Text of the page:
New to the forum and waterfowling...how important is having motion in your spread? Looking at decoys for the fall and wondering how much it would improve my spread to add a fancy dancy spinning wing mallard. What are your guys' thoughts?
Motion in your spread can be helpful, but it's really not essential. The way the spread is layed out is more important for the given conditions. As far as motion goes, it's far more important that you, your dog, and those hunting with you minimize your own motion when hunting waterfowl. Keeping good cover and concealment will help you get more ducks and geese into your area. I've seen time and again where misbehaved dogs and antsy hunters have caused birds to stay away. Waterfowl have excellent vision and can spot hunters moving around for up to 3 miles away. That's one of the main reasons I don't like hunting waterfowl in the same area or in the vicinity where upland bird hunters are walking a field above.
Motion in your spread is almost a must to kill geese....notice I said almost. I use some motion decoys in my spread, I use the Avery lesser on bases, but you have to have wind for them move. There have been days and we have limited out with almost no wind and no motion in the spread. So yes it is possible to do it with out motuion but it just requires more work as in calling and flagging. I would much rather have the decoys do most the work but its just not always possible. I know some guys that use flappers or battery operated motion bases on the full bodies, I just do not cares to use those. I used to use the batter operated motion bases they are just too much of a hassle with the bartteries and the cords to have always be setting them out. I prefer the wind powered motion bases. I noticed you were refereing to a duck mojo but I thought I would throw in my two cents about motion in a goose spread. We also use a MOJO when duck hunitng and around here were ducks get pressure alot we run a couple to just to help us out and yes they do work.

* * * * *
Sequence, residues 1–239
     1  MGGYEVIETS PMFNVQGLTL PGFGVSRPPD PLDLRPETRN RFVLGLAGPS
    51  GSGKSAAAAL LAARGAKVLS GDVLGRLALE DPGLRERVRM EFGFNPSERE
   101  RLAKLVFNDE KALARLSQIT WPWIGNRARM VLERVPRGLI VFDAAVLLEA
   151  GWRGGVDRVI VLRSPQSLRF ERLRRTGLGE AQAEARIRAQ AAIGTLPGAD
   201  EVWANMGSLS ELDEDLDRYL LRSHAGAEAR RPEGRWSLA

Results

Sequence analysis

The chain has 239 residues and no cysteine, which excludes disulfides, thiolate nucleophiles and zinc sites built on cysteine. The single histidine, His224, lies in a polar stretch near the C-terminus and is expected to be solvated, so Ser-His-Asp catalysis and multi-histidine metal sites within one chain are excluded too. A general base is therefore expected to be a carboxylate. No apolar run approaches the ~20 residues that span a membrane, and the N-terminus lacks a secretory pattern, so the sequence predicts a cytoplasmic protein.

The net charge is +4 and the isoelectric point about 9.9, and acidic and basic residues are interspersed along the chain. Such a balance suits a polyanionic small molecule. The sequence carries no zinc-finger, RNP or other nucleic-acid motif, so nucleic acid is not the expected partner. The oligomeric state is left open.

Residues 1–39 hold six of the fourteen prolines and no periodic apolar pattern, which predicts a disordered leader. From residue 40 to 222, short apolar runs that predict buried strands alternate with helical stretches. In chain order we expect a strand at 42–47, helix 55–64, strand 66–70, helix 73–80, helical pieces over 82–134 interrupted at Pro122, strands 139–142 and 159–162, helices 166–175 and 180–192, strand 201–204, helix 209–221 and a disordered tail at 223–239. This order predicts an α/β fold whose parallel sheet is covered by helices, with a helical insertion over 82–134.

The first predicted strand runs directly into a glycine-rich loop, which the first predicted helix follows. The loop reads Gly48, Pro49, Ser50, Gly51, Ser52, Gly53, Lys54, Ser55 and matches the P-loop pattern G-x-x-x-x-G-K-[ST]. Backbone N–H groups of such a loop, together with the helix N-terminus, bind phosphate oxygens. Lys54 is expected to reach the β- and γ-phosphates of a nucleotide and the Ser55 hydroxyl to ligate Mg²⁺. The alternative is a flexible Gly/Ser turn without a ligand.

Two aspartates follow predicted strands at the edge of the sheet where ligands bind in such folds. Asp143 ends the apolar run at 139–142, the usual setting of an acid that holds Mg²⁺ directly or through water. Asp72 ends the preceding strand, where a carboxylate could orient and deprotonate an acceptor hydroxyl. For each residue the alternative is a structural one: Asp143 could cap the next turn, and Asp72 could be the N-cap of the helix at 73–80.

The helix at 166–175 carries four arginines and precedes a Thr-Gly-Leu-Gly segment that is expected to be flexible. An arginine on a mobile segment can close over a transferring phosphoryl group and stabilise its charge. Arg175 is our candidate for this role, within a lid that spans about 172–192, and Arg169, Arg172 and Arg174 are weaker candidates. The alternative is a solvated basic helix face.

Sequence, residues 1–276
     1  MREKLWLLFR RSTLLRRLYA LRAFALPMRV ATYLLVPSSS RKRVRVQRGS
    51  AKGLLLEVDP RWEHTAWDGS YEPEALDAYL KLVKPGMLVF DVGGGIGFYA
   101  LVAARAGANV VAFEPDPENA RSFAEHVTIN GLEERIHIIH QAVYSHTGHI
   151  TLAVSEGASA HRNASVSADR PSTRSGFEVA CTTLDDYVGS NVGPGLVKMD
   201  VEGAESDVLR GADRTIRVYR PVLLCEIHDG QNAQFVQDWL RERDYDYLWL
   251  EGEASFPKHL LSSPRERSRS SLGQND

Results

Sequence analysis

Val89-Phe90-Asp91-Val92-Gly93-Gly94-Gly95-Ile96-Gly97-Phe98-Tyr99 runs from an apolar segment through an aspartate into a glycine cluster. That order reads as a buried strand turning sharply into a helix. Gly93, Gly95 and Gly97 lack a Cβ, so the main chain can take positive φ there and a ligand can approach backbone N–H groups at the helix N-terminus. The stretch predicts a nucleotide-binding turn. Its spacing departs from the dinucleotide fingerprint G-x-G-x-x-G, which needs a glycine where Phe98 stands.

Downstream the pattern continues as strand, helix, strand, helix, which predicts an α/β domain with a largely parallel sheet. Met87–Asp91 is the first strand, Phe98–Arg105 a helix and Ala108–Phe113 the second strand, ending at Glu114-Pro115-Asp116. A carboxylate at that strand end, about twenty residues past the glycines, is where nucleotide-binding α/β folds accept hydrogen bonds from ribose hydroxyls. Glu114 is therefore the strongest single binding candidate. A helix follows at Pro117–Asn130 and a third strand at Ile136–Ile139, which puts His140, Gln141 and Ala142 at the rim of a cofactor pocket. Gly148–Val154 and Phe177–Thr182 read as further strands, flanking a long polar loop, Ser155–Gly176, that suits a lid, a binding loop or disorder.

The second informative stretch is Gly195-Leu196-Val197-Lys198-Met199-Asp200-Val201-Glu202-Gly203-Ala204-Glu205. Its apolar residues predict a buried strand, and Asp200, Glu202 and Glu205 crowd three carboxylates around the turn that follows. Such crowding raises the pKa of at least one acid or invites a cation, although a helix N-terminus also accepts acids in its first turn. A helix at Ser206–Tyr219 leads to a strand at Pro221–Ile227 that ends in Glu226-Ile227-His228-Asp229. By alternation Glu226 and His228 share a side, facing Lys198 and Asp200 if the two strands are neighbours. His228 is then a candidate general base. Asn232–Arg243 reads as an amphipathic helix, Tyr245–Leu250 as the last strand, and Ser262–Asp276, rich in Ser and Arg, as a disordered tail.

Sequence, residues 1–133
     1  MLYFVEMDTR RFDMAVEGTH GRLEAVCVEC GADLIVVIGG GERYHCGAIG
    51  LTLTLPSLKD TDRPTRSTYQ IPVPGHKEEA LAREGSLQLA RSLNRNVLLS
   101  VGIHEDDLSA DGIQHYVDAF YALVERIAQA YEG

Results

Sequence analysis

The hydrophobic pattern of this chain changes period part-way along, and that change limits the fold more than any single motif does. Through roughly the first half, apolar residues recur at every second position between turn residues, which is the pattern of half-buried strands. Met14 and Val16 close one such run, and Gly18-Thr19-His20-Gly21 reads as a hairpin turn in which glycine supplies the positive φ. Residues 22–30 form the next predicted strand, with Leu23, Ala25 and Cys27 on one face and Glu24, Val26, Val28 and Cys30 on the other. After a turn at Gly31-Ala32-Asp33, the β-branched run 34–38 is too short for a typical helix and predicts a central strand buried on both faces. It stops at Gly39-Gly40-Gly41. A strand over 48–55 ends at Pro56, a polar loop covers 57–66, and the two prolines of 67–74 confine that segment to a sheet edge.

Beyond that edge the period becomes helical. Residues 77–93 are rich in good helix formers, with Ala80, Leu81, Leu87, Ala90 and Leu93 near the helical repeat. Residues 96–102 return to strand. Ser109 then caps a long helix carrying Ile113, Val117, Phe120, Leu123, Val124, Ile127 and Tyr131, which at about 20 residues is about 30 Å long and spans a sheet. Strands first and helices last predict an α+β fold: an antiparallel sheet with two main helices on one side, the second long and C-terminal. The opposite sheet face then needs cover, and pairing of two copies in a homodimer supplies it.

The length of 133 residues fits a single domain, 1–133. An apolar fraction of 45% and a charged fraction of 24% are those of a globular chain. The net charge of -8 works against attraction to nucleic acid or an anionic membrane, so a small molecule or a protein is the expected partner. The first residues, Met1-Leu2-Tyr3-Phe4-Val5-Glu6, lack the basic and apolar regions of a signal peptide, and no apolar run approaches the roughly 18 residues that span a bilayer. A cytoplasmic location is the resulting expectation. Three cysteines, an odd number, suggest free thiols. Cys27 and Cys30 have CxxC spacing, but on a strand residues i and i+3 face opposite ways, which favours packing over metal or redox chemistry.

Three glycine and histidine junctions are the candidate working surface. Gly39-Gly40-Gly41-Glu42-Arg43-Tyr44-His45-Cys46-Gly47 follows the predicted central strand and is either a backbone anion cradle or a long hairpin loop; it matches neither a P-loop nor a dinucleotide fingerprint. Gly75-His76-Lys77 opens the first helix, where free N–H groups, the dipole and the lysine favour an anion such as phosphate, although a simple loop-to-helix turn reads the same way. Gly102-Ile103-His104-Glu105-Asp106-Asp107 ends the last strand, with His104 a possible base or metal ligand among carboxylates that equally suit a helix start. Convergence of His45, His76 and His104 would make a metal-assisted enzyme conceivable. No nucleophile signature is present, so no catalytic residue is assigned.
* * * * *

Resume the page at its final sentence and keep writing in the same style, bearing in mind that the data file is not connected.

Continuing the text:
I am a firm believer in having motion in your spread, but out here, it's a little tougher. You can have wind aided devices, but nothing motorized. So, no mojo ducks, or anything like that. Alot of guys will use those little line controlled tip up birds. The ones where you yank on the string, which is attacked to the decoys. Even that little bit of rippling is very effective.
At least that's how it used to be. I have not hunted the last 2 duck seasons. For geese, as Goose said, it's also great to use. We used to simply use white trash bags staked to the ground. They would flip around in the wind, and fool the snow geese really well. Also, waving some corn stalks gently can be effective.
IMO it's very important in most situations. Early season I go with the a mojo and a jerk rig. After the ducks get a little gun shy I take out the mojo's. Late in the season it's critical to have a jerk rig to get them to finish. I've been wanting to build a few of them DIY wobble decoys to try out this season.
Another note to add that FWIW geese have always been scared of my mojo. Not so much of the jerk rig. Geese will flare off a few hundred yards away at the sight of my mojo for some reason.
I've been mostly hunting wood ducks and Teal with a few ringers in the mix.
motorized decoys are completely illegal in New York and a lot of birds are killed here so I don't think they are necessary at all. That said - I have no experience with them so I have nothing to compare against either.....
I believe that motion works better early in the season but looses effectiveness as the season wears on. In the northern areas, they do better as the ducks moving down have not seen them in a dozen or so spreads already.
I have not had good luck with spinners on geese in fields, we have found flagging works better for motion for geese at a distance.
In WA, we are not allowed anything elect in our spreads. A couple of the wind powered ducks work fairly well if you have at least a 5 mph wind. As mentioned jerk cords work fairly well too.
Historically, hunting has been a sport that has been predominately participated in by men. There have been notable exceptions, of course. Eleanor O’Connor, wife of the famous hunter and outdoor writer, Jack, traveled with him and hunted in many parts of the world, taking her share of game, including some exceptional trophies. Not as well-known to hunters today were Martin and Osa Johnson of the early to mid-1900’s. Together they traveled to many places that seemed extremely exotic and...